These "vampires" drink blood and have super strength and speed, but other than that they happily skirt every convention of the genre. They don't need to sleep in a coffin. If garlic or silver hurt them the movie makes no mention of it. Animal blood nourishes them just as well as human. They sure as hell don't need an invitation to enter. And perhaps most outrageously, sunlight has no ill physical effects, merely making them glitter like a fucking Christmas tree. Indeed, the solitary ill effect of vampirism in the Twilight universe seems to be permanent pasty white makeup and ruby-red lipstick.

Honestly, the first two-thirds of the movie achieve a heightened kitsch value that almost makes them grotesquely entertaining, with Edward leering at Bella while she sleeps like a psychopathic stalker and it being depicted as romantic, explaining the absurd "rules" of this universe's vampires in exhausting detail, and giving an absolutely hilariously over-the-top monologue to Bella about how he can't stand to be around her because of how good her blood smells and how much he wants to eat her. The kinky sexual tension builds to fiery levels and the smell of tuna lingers strong in the theater.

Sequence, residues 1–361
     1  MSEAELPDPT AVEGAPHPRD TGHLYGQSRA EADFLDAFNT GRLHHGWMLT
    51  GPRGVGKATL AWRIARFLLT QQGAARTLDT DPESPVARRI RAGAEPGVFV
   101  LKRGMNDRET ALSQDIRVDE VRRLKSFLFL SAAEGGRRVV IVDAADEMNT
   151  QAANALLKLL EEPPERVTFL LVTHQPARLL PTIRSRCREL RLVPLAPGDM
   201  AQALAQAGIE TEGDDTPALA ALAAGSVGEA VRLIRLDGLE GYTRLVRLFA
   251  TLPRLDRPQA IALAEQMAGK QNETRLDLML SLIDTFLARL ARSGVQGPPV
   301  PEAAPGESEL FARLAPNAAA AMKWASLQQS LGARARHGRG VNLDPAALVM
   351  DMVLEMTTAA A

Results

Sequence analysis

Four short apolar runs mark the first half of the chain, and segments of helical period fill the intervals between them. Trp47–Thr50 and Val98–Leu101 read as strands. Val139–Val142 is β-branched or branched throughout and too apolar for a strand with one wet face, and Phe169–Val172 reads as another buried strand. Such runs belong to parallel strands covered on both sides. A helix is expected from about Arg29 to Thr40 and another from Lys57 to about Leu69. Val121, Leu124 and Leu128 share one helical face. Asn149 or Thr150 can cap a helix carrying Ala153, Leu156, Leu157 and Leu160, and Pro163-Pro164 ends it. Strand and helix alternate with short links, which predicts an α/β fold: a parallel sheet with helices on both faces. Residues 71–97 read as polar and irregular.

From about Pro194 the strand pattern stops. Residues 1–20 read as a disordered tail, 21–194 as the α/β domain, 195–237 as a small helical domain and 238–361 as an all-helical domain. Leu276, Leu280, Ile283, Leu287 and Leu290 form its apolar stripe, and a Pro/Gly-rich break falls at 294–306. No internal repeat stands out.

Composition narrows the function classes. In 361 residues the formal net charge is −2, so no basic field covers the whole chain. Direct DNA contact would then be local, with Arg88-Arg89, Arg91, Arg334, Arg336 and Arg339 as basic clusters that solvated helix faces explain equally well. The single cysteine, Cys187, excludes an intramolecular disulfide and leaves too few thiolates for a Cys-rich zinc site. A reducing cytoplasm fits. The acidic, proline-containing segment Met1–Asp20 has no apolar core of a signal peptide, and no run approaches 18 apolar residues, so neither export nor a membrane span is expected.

Then comes the baseball scene. The fucking baseball scene.

The Cullen vampire clan brings Bella out to a field where they play "vampire baseball," and, Jesus fuck, I can't believe a human being came up with this and removing myself from my body and looking down on myself I can't believe I'm fucking typing these words because Jesus Christ, the vampires have to play baseball during thunderstorms only because they are so strong that the sound of their bats hitting the baseballs is too loud and they need thunder to mask the noise from the town! We witness an absolutely horrifying three-minute music video where the vampires hit the baseballs miles into the outfield and the basemen run with super-speed special effects straight out of the latest episode of Smallville to catch them. Mouth agape in abject horror, I couldn't believe what I was witnessing, my howls of laughter met with glares from the tween estrogen brigade.